"To invite a world that we would wish to critique and dismiss to be a mirror into our own world is a difficult thing to do. It requires both bravery and humility."

For those who frequent this site, you know that I am a huge fan of Peter Rollins, a philosopher from Northern Ireland, who never ceases to challenge my thinking and inspire me to action. In his first book, How (Not) to Speak of God, he talks about something his church does called "The Evangelism Project." Actually, the project is more of an anti-evangelism project, as the group meets with different political and religious organizations, not to have an inter-faith dialogue, but to simply be evangelized by that group. I was originally skeptical of this idea, but it is actually quite beautiful. As they listen and learn they are allowed to see their own beliefs with fresh vision and new eyes, greatly impacting their faith and the way it is acted out in the world.

Peter recently fleshed this idea out in much more detail on his blog. I highly recommend you check out his post called "Evangelism Will Change the World." Click HERE.

Wednesday, November 4, 2009

The Bible as Protection

Now don't get me wrong...the Bible is incredibly important to me. But for far too long it was a tool to be used for safety and protection, to ward off any dangerous thoughts, a weapon to defend my own beliefs and opinions from opposing ones. Instead, I desire for the Scriptures to once again be the beautiful, ancient text it really is, to use it as a sword that cuts deep into my own heart rather than into the heart of others in judgment and condemnation. This cartoon from ASBO Jesus was a helpful way of thinking about the role Scripture does and ought to play in my life.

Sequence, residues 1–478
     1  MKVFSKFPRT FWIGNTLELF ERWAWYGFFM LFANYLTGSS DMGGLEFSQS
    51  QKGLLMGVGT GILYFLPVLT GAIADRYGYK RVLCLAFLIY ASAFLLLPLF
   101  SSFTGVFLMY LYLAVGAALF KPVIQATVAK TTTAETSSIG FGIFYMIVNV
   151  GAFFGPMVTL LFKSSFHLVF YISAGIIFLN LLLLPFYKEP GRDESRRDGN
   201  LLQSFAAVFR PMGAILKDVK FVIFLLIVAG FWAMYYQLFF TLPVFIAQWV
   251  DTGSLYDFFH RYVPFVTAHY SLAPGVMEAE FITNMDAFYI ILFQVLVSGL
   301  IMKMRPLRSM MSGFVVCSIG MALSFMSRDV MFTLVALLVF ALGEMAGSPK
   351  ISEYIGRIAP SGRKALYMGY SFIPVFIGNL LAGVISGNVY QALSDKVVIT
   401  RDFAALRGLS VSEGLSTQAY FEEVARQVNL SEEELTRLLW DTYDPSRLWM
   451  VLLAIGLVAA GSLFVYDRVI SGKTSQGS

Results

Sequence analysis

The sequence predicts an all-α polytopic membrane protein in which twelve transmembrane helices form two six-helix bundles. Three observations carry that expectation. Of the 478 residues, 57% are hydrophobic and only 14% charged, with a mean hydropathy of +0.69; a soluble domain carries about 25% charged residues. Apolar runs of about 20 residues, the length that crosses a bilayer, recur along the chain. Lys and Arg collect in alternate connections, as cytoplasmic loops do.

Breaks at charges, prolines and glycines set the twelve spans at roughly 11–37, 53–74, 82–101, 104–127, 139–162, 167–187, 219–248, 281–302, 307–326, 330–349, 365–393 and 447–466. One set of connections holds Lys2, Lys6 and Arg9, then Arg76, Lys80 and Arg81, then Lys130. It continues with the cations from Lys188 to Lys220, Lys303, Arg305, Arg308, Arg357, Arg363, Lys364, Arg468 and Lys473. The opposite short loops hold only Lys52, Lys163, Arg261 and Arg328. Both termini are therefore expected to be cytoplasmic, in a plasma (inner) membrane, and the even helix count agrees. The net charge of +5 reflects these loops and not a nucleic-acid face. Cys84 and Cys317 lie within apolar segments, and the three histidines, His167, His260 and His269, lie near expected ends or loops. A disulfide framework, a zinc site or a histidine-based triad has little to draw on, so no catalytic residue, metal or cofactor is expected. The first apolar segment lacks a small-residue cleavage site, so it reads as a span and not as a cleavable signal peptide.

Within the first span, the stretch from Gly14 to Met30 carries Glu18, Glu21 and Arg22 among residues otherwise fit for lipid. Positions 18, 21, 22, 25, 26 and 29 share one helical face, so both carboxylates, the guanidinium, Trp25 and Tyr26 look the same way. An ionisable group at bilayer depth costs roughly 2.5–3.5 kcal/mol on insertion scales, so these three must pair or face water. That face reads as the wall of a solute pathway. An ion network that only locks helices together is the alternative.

HT: The Adventures of ASBO Jesus

Sunday, November 1, 2009

Stinkin' Amazing

In July I was privileged to attend a preaching conference in Grand Rapids, MI sponsored by Rob Bell. Along with an incredible amount of interesting and helpful information, we also got to see a number of sweet videos before the sessions. One of the videos was an amazing clip of bike stunts. I tracked it down on Google today and thought I would share it with you today. Enjoy!

Inspired. Danny MacAskill from dave on Vimeo.

Tuesday, October 27, 2009

The Revenge Lie

I spent this last weekend rock climbing in Oregon and took this picture during the drive. Every so often I am reminded of the anger, hatred, and revenge that is so ever-present in this world. This sign on the back of a semi-truck was one of those examples. Now don't get me wrong...I'm as angry about terrorism like September 11 as the next guy and wish America would never have had to suffer through that horrific event. But I continue to be surprised by the incredibly ungracious and unforgiving quest for revenge and retaliation that has permeated American culture since that fateful day.

The true sadness is that this desire for revenge is built upon a lie. Scholars call this lie the 'myth of redemptive violence,' that the next act of revenge and violence will settle the score once and for all. We all know that this is not true. Violence only begets more violence. That next, and assumed last, action only perpetuates another action..and another action...and another action.

The gospel of Jesus Christ is clear that the appropriate response to violence is grace and peace. The only way that we ought to respond to terrorism is through forgiveness and love, not hatred and retaliation. I understand that some might argue that this way of living would never work, that it would never stop violence and terrorism from happening. Maybe they are right. But maybe they aren't...we don't know because no society has ever tried it. It is obvious that war and further violence has not succeeded in ending violence, so I wonder what the world might look like if took the words of Jesus seriously when he calls us to turn the other cheek and walk 2 miles rather than 1. At least that seems closer to redemption than redemptive violence.

Monday, October 26, 2009

Theology via Twitter

I've recently begun using Twitter in order to follow a few of my favorite authors and musicians. I had previously said I would never use Twitter, but on a few occasions it has provided me with some provocative and inspiring words from people like Rob Bell, Brian McLaren, and Peter Rollins. Peter Rollins is a philosopher/theologian from Belfast, Northern Ireland. He posted the following quote yesterday, and the words continue to make me think. Enjoy!

"It is not a question of whether Christianity can exist without religion. But whether Christianity, at its core, is a protest against religion."